Mutations in the Sphingolipid Pathway Gene SPTLC1 are a Cause of Amyotrophic Lateral Sclerosis
85 Pages Posted: 6 Jun 2019 Sneak Peek Status: Review CompleteMore...
SPTLC1 encodes a critical subunit of serine palmitoyltransferase, the enzyme catalyzing the first and rate-limiting step in de novo sphingolipid biosynthesis, and mutations in this gene are known to cause hereditary sensory autonomic neuropathy, type 1A. Using exome sequencing, we identified a de novo coding variant in SPTLC1 in an individual diagnosed with juvenile-onset amyotrophic lateral sclerosis (ALS), and confirmed its pathogenicity by showing elevated plasma levels of neurotoxic deoxymethyl-sphinganine. We also found SPTLC1 mutations in 0.34% of 5,607 ALS cases, and immunohistochemically confirmed the expression of SPTLC1 in spinal cord motor neurons, supporting their role in the pathogenesis of this fatal neurodegenerative disease. Toxicity of deoxymethyl-sphinganine was demonstrated in HEK293FT cells, and could be corrected by L-serine supplementation. Our data broaden the phenotype associated with SPTLC1. Furthermore, nutritional supplementation with serine may be beneficial if instituted at an early stage among patients carrying mutations in SPTLC1.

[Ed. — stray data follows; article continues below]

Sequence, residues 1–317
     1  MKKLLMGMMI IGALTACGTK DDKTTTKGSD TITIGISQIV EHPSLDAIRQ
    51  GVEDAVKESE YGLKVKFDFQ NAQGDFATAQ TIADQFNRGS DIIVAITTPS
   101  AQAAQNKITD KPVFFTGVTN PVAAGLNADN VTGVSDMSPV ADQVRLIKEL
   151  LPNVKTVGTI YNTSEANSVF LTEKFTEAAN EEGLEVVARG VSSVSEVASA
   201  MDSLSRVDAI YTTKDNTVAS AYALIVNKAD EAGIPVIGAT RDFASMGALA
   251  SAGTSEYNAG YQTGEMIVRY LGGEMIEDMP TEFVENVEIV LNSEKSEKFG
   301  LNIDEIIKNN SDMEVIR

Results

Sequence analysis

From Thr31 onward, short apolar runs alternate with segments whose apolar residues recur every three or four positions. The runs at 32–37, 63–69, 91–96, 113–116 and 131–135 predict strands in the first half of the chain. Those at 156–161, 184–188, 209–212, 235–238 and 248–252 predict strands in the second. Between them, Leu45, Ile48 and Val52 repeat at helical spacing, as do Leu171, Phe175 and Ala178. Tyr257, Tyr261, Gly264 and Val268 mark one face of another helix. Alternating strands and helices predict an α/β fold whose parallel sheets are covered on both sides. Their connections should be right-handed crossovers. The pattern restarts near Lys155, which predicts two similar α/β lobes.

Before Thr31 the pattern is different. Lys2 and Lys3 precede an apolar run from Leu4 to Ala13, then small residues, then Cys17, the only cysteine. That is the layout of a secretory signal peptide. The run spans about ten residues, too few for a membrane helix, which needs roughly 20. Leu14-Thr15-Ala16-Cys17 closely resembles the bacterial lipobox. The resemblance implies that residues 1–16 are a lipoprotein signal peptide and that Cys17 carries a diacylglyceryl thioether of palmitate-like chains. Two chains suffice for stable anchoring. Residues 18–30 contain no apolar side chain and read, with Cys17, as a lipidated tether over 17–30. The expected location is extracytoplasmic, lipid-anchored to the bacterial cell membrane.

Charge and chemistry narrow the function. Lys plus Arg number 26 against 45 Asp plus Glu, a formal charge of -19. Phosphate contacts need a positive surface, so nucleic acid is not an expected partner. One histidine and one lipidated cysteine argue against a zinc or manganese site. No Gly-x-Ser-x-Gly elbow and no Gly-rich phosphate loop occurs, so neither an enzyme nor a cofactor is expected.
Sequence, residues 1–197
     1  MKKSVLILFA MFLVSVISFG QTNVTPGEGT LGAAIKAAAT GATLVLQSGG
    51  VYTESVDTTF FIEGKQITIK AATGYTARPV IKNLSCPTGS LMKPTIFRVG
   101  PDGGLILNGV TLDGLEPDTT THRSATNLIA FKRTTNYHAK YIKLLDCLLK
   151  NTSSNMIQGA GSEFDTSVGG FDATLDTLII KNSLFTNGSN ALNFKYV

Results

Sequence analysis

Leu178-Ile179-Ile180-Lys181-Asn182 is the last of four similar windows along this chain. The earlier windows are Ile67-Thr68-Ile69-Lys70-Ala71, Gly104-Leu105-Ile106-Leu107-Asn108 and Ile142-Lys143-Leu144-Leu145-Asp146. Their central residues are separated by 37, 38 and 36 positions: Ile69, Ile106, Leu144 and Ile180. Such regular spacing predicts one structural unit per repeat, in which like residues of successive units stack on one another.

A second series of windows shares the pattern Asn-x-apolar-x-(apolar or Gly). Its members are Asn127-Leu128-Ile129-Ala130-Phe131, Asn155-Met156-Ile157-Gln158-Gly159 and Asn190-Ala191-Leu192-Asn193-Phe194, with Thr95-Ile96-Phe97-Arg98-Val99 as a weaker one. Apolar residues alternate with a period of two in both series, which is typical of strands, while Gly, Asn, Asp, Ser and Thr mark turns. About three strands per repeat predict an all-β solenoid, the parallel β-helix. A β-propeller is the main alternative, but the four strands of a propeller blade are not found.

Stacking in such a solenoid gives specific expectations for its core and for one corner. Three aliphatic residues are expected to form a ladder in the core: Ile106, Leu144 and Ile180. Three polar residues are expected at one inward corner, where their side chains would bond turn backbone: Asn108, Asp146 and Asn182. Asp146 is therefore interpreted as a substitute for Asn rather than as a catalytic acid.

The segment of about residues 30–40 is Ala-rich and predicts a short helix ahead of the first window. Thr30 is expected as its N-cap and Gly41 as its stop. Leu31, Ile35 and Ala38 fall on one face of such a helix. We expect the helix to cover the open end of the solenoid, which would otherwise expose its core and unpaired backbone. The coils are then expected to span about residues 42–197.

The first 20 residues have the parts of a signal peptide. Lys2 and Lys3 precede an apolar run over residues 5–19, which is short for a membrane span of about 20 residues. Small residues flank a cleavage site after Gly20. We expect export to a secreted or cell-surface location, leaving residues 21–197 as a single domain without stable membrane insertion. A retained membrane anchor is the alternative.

Keywords: amyotrophic lateral sclerosis, genomics, de novo mutation, sphingolipid metabolism, SPTLC1, serine nutritional supplementation, deoxymethyl-sphinganine, individualized medicine
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